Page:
Ganglion cysts are noncancerous lumps which are most commonly developing along the tendons or joints of your hands or wrists. They can also happen in our feet and ankles. These cysts are typically oval or round and they are filled with jellylike fluid. These small cysts can be pea – sized while the larger ganglion cysts can be around an inch (2.5 cm) in diameter. If these cysts press a nearby nerve, they can be painful. In some cases their location can interfere with the joint movement. If this cyst is causing you problems, then your doctor can suggest draining the cyst using a needle. Also you have an option to make a surgery for removing the ganglion cyst. But if you do not have any symptoms, then you will probably not have a need for treatment. In many cases the ganglion cyst will go on its own. Ganglion cysts are also known as Bible cysts. It is known fact that they are more common in women and 70% of the ganglion cysts are happening in people who are between ages of 20 and 40. There are very rare cases when ganglion cysts can happen in children who are younger than 10 years.  Also it is known that they are happening most commonly on the back of the hand at the wrist joints but also they can develop on the palm side of the wrist. When ganglion cysts are found on the back of your wrists, they become more prominent when the wrist is flexed forward. Also they can be found at the top of the foot and the outside of knee and ankle. Also they can be located at the fingertip, just below the cuticle and if they are here, then they are known as mucous cysts. They can be located at the base of the fingertips on the palm, where they appear as small pea – sized bumps. Ganglion cysts are usually soft, anywhere from 1 – 3 centimeters in diameter and they do not move. When the ganglion cyst is connected to a tendon, then you can feel a sense of weakness in the affected finger.
Symptoms of ganglion cysts
The lumps which are associated with the ganglion cyst can be characterized by:
- Pain: In the most cases ganglion cysts are painless. But if the ganglion cyst presses on a nerve, even if the cyst is too small form a noticeable lump, it can cause tingling, pain, muscle weakness and numbness.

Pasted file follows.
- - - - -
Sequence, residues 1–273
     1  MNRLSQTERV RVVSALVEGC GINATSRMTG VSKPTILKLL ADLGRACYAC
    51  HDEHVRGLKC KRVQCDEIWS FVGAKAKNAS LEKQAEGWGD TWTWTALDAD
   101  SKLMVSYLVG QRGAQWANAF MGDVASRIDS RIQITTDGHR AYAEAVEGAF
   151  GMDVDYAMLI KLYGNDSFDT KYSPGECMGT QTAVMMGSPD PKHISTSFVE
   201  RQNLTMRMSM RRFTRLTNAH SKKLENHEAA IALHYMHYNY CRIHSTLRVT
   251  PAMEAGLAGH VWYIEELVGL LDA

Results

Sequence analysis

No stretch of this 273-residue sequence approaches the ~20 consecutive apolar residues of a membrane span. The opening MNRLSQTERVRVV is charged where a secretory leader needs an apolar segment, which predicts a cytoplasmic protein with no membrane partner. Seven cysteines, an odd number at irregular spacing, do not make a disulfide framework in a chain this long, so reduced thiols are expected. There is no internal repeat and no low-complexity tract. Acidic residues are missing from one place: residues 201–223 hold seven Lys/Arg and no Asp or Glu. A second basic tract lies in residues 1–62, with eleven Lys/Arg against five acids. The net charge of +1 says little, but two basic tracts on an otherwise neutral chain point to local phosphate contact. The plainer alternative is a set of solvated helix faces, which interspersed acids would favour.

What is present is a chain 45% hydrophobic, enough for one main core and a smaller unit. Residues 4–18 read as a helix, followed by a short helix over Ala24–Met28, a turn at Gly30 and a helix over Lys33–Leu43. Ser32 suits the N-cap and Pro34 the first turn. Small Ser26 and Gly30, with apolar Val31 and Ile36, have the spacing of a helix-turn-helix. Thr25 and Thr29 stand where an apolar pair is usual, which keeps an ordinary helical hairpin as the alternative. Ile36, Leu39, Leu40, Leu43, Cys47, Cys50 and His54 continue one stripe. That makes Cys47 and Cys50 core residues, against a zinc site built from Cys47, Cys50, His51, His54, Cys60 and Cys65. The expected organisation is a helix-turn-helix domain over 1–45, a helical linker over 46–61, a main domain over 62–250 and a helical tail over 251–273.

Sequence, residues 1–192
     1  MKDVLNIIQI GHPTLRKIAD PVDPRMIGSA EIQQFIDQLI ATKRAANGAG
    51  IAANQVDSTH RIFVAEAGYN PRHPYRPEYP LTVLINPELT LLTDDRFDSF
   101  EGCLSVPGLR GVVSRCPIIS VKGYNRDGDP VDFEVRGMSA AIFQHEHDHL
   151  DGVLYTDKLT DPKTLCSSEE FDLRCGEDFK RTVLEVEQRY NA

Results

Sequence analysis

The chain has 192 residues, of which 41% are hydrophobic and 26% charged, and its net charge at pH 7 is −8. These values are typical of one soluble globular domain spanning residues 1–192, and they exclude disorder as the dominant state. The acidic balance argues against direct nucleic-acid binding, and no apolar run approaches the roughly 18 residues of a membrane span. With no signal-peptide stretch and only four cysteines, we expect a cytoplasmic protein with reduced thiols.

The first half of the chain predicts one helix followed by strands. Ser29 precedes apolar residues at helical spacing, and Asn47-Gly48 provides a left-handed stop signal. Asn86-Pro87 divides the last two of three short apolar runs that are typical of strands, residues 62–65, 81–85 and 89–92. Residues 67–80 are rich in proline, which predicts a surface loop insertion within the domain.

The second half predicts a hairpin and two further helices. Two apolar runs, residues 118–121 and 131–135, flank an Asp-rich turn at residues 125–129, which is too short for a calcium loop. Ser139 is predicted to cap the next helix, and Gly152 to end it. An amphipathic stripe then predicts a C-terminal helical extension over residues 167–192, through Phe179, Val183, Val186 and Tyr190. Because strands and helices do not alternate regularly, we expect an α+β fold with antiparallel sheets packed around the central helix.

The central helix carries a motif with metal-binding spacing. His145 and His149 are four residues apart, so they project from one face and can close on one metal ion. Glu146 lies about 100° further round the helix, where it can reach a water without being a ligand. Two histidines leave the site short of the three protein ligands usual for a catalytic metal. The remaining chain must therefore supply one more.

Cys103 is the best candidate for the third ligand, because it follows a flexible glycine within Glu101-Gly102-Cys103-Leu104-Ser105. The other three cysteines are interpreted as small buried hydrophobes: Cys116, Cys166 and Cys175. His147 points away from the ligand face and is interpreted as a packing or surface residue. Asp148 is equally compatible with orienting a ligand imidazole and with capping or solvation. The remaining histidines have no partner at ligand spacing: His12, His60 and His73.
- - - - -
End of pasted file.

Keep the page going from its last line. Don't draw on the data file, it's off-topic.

- Location: This type of cyst most commonly develop along the tendons or joints of your hands or wrists. Also feet and ankles are very common location for ganglion cysts. Also these cyts can happen near other joints.
- Shape and size: This type of cyst is oval or round. Usually, ganglion cysts are less than 2.5 cm (an inch) in diameter. There are some cases when they are so small and they cannot be felt. But the size of ganglion cyst can fluctuate and this is happening when you are using the joint for repetitive motions.
You should see your doctor if you experience a noticeable lump or pain in your foot, ankle, hand or wrist. Your doctor will make diagnose and it will determine if you need treatment so you will not be worried about it. These cysts do not need emergency treatment unless you have significant trauma.
Causes for ganglion cysts
The exact cause for the development of ganglion cysts is not known. Ganglion cyst grows out of a joint or the lining of a tendon and it looks like a tiny water balloon on a stalk and it seems to happen when the tissue which surrounds a joint or a tendon bulges out of a place. Inside the ganglion cyst there is a thick lubricating fluid which is similar to that found in joints or around tendons.
Risk factors: Here are some factors that can increase your risk of ganglion cysts:
- Join or tendon injury: If you have injured your joints or tendons in the past, then they are having an increased risk of developing ganglion cysts. 
- Your sex and age: This type of cyst can develop in every single person but most commonly they are happening in women between the ages of 20 and 40. [3,4]
- Osteoarthritis: It is known fact that people who wear – and – tear arthritis in the finger joints that are closest to their fingernails are having increased risk of ganglion cysts near those joints. 
 Cypel TKS, Mrad A, Somers GR, Zuker RM. Ganglion cyst in children: Reviewing treatment and recurrence rates. The Canadian Journal of Plastic Surgery. 2011;19(2):53-5.
 Suen M, Fung B, Lung CP. Treatment of ganglion cysts. ISRN Orthopedics. 2013;2013:940615.
 Zhang A, Falkowski AL, Jacobson JA, et al. Sonography of wrist ganglion cysts: Which location is most common? Journal of Ultrasound in Medicine. 2018;38(3):2155-60.
 Wang G, Jacobson JA, Feng FY, et al. Sonography of wrist ganglion cysts: Variable and noncystic appearances. Journal of Ultrasound in Medicine. 2007;26(10):1323-8.
 University of Cambridge. Joint lubricating fluid plays key role in osteoarthritic pain, study finds. Science Daily. 2019.